Glasgow Apple Store staff seek to form Apple’s first UK union

What do you want to know

  • An Apple store in Scotland plans to unionise.
  • Employees of the Apple Store in Glasgow have joined GMB Scotland and applied for voluntary union recognition.
  • A worker said staff in the UK had been ignored and planned to seek greater pay transparency and a pay rise.

Employees of Apple stores in Glasgow have reportedly joined a union in Scotland and applied for voluntary union recognition with Apple.

As reported by the Glasgow Times on Friday:

Staff at Apple’s GLASGOW store are about to make history by becoming the first branch in the UK to unionise. Workers at a handful of the tech giant’s U.S. stores have in recent weeks demanded union recognition. But workers here are leading the charge in the UK after applying for voluntary union recognition with Apple after joining GMB Scotland.

An anonymous worker said the company’s UK staff found the forums ‘ineffective’ and ‘comments were being ignored’. They described a “one-sided” conversation and said workers suffering from the cost of living crisis needed a pay rise and transparency.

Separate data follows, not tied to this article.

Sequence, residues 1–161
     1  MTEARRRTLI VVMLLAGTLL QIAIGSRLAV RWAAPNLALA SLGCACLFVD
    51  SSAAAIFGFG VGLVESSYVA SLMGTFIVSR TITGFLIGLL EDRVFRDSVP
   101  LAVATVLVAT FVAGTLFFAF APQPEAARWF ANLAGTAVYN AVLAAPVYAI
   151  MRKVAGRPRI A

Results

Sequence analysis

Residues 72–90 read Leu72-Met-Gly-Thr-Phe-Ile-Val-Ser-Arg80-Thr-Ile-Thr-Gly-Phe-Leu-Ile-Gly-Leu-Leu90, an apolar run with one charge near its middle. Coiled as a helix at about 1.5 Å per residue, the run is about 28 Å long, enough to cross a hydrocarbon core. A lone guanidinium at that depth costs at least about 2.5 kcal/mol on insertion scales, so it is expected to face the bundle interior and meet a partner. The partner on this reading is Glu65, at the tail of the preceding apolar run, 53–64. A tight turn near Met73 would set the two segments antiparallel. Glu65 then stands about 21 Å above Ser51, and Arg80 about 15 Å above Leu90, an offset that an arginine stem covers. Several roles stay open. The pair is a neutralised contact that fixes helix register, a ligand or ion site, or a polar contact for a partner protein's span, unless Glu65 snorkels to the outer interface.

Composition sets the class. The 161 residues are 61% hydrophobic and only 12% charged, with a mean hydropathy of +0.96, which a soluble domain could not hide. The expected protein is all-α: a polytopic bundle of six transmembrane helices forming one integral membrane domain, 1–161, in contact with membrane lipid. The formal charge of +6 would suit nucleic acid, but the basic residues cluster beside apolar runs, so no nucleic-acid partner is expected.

Glasgow workers said they were unhappy with the lack of pay transparency within the company, as they would have been discouraged from discussing their personal pay with colleagues.

John Slaven of GMB Scotland said workers “have shown extraordinary courage and resilience in organising” and criticized Apple for speaking “the language of social justice” while offering low wages, unfair working hours and lack of respect.

Under UK law, employees wishing to form a union must be recognized by their employer in order to be able to bargain and must apply for recognition voluntarily. An employer can then agree to either recognize the union or reject it. If an employer has more than 21 employees (like Apple), workers can file for legal recognition with the Central Arbitration Board. Apple has 10 business days to respond to the request. In addition to rejecting or accepting the request, Apple can also refuse to recognize the union while agreeing to negotiate. If workers trying to form a union approach the CAC, they only need 10% union membership and proof of a majority, which GMB says it already has.

Store staff reportedly earn around £12 an hour, although this can vary by role and experience, and are demanding a pay rise if the union is recognised. GMB says the majority of workers are now members and have seen requests from other UK stores. The body’s Scottish secretary said “MB’s mission is to make work better and we are delighted to be giving these workers the support they need to unionize at Apple” and urged Apple to listen to its workers.

In response to this story, Apple provided the following statement to iMore:

“We are blessed with amazing members of the retail team and deeply appreciate all that they bring to Apple. We are pleased to offer very strong compensation and benefits, including care private health care, enhanced parental leave, paid family leave, annual equity grants and many other benefits for every team member.”